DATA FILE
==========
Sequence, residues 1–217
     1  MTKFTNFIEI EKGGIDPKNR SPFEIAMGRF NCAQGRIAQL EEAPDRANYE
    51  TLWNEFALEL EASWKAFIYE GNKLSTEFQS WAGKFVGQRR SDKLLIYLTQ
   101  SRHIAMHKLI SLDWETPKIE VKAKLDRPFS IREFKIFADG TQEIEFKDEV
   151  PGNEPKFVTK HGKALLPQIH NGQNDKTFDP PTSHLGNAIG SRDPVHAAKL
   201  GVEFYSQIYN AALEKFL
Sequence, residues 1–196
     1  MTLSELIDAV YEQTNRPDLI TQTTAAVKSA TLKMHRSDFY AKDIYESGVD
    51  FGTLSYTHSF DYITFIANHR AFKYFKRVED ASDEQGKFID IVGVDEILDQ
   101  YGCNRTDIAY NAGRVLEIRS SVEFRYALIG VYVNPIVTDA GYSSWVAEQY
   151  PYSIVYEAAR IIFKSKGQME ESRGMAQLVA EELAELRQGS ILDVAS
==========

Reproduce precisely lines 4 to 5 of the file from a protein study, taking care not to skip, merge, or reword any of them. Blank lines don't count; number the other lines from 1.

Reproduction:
   101  SRHIAMHKLI SLDWETPKIE VKAKLDRPFS IREFKIFADG TQEIEFKDEV
   151  PGNEPKFVTK HGKALLPQIH NGQNDKTFDP PTSHLGNAIG SRDPVHAAKL